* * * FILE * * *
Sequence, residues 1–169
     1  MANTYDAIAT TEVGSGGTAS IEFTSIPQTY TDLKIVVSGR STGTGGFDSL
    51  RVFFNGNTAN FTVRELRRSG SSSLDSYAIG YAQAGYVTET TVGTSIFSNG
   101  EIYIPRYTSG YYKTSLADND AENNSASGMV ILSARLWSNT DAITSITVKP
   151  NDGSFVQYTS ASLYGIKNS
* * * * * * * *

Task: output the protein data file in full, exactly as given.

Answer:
Sequence, residues 1–169
     1  MANTYDAIAT TEVGSGGTAS IEFTSIPQTY TDLKIVVSGR STGTGGFDSL
    51  RVFFNGNTAN FTVRELRRSG SSSLDSYAIG YAQAGYVTET TVGTSIFSNG
   101  EIYIPRYTSG YYKTSLADND AENNSASGMV ILSARLWSNT DAITSITVKP
   151  NDGSFVQYTS ASLYGIKNS